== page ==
10 Tips for Jewellery Workshop Reclamation
Updated: May 5, 2021
INSIDER | Tips of the Trade
We asked Presman Mastermelt to collaborate with us and provide a summary for Jewellers of the key areas where they can earn extra money by incorporating simple but effective methods for collecting precious metal waste in their workshop.
Some important terminology explained;
What is Lemel Lemel is the unused or waste precious metal filings, cuttings and dust caught up in and around your Jewellery bench and in your workshop.
What is Sweep?
Sweep is the collection of lemel/precious metal scrap, particles and cuttings you collect and accumulate as you go about your Jewellery workshop practice.
1. Bench Practice
Over a period of time, the surface of your work bench will have tiny particles of metal ground into the wood. It is worth sanding down your bench from time to time and vacuuming up the dust as part of your sweep.
- Lemel, put this into a pot and always keep this separate from your low grade sweep.
- General workshop waste, including buff sticks, wet wipes, job packets, hoover bags, chair covers, sweepings and any floor coverings can be collected for sweep.
2. Barreling & Pinning Machine Always empty barrels and pinning machines through a settlement tank. If you don’t have one, use wet wipes and paper towels to thoroughly clean the machine and throw these all into your sweep collection bag. This is the same procedure for your ultrasonic, once the fluid has been carefully poured away.
3. Carpets Try to use carpets and mats as much as possible in your workshop as they brush your feet and collect metal extremely efficiently. Never throw out old workshop carpets or mats, cut them up if possible and put them into a separate sweep bag. Disposal mats in your workshop doorway are good idea, stamp your feet on the way out!
4. Extraction Units All filters and dust bags from extraction units are lucrative collection points and need to be cleaned and changed regularly, depending on use/output. Cleaning your extraction equipment frequently will also keep it running efficiently. Put the filters and bags into your sweep.
5. Polishing Area
Keep everything used for jewellery polishing, including your polishing dust, mops, brushes, felts, cotton wool, sanding discs, wet wipes and all filters and put all of these into your sweep bag.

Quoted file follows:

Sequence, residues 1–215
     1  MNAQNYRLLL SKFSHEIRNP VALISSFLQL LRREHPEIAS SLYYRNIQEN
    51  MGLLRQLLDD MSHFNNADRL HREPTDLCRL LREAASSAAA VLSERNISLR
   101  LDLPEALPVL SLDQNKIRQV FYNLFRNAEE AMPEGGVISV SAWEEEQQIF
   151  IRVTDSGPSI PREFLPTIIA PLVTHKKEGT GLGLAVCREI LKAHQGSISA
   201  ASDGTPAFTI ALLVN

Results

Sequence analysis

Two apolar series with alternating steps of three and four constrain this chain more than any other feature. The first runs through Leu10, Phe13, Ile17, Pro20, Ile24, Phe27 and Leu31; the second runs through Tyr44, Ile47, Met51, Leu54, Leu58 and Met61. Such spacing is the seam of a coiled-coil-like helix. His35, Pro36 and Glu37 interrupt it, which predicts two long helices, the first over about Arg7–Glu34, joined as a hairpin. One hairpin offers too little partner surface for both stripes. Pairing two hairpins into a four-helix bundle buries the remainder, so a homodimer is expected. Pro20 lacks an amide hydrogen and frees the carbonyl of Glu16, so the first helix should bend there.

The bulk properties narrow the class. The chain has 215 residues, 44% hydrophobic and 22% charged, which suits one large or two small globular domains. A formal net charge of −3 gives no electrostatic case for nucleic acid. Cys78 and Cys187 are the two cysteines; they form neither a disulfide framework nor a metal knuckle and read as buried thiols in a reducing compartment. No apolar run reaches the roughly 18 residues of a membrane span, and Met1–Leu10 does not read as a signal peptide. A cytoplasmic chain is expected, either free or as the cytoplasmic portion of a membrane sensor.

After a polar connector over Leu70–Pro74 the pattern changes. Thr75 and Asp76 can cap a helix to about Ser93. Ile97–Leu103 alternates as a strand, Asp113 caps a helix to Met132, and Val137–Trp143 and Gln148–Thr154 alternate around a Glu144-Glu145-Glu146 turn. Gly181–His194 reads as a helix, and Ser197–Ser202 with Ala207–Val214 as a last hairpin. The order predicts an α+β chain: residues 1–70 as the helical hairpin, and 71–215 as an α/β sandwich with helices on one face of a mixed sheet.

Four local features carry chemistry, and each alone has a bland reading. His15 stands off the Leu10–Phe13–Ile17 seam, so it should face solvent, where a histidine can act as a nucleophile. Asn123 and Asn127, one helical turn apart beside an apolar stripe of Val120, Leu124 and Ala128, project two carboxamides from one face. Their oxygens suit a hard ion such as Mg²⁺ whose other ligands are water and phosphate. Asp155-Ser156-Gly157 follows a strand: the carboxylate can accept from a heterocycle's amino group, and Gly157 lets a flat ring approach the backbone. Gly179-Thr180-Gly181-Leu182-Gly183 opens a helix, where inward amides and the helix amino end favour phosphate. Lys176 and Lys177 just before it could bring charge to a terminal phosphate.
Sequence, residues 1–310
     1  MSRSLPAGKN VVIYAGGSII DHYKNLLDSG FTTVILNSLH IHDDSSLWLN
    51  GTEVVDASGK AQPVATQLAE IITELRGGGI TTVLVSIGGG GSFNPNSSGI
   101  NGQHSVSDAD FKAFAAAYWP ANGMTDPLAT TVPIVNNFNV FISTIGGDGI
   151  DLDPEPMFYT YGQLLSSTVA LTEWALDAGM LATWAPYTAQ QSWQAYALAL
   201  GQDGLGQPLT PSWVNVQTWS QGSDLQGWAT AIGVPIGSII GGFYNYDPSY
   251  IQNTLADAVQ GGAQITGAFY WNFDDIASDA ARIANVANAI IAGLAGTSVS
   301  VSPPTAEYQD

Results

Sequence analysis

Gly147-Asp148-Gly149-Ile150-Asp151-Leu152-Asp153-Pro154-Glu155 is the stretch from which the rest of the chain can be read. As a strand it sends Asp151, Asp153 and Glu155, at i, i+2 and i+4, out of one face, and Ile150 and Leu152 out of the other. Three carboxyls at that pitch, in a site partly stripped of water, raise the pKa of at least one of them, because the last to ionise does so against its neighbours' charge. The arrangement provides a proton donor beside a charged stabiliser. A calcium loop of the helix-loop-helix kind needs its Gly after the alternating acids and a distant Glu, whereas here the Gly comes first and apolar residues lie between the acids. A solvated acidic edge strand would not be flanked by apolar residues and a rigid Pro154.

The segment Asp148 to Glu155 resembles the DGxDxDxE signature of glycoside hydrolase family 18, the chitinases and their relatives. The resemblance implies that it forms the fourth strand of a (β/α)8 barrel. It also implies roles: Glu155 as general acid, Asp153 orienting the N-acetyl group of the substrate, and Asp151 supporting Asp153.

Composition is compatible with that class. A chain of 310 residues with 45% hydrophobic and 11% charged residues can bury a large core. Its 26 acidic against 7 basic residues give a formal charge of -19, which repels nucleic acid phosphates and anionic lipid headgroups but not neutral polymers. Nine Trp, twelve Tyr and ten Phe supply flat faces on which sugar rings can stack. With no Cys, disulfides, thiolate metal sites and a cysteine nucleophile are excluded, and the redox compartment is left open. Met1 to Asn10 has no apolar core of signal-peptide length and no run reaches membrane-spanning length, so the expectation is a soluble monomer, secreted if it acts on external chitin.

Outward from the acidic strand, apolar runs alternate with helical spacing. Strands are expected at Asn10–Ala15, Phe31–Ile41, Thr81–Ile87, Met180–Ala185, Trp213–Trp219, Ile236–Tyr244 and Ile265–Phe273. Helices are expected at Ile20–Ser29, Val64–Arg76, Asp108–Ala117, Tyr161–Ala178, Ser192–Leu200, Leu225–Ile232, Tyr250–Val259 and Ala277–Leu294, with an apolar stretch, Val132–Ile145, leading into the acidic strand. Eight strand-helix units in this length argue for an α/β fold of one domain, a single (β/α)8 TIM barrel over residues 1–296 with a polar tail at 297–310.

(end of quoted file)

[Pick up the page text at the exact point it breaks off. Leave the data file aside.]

6. Settlement Tanks A settlement tank is fitted between the sink and the drain, which enables it to collect precious metal sludge from the water waste. Emptying time will depend on level of usage.
7. Ultrasonic Always empty your ultrasonic cleaner through a settlement tank. If you do not have a settlement tank, empty it into a bucket and lets it contents settle overnight. Wipe the tank clean with paper towels and throw them into your sweep bag. Once the bucket sludge has settled drain off the excess water and wipe out the bucket with more paper towels, and put these into your sweep bag.
8. Vacuum Vacuum your workshop regularly and throw the full vacuum bags into your sweep bag. Metal dust is heavy so it will always fall to the floor. Don’t walk it around the building, place disposable mats in doorways and collect the used ones in your sweep bag.
9. Wet Wipes Wipe your hands with wet wipes after polishing or working at the bench. Regularly wipe down all the surfaces in your workshop and throw the used wipes into your sweep bag.
10. IMPORTANT – What NOT to put into your Sweep bags
These are all extremely dangerous items and will explode in reclamation furnaces. SWEEP BAGS
If anyone would like a FREE Mastermelt sweep bag for their jewellery workshop, please don’t hesitate to contact them direct via their social media page @presmanmastermelt
About Presman Mastermelt
Our thanks to Presman Mastermelt for sharing their expertise with us. They are one of the UK’s leading processor of bench lemel and every kind of Jewellery workshop waste, which is processed in-house. The company is ISO accredited and is independently audited to ensure consistently high levels of service and environmental compliance.
Find out more about them here;
Written by Dawn Meaden-Johnson, Director and Founder of the Bespoke Jewellery Training Co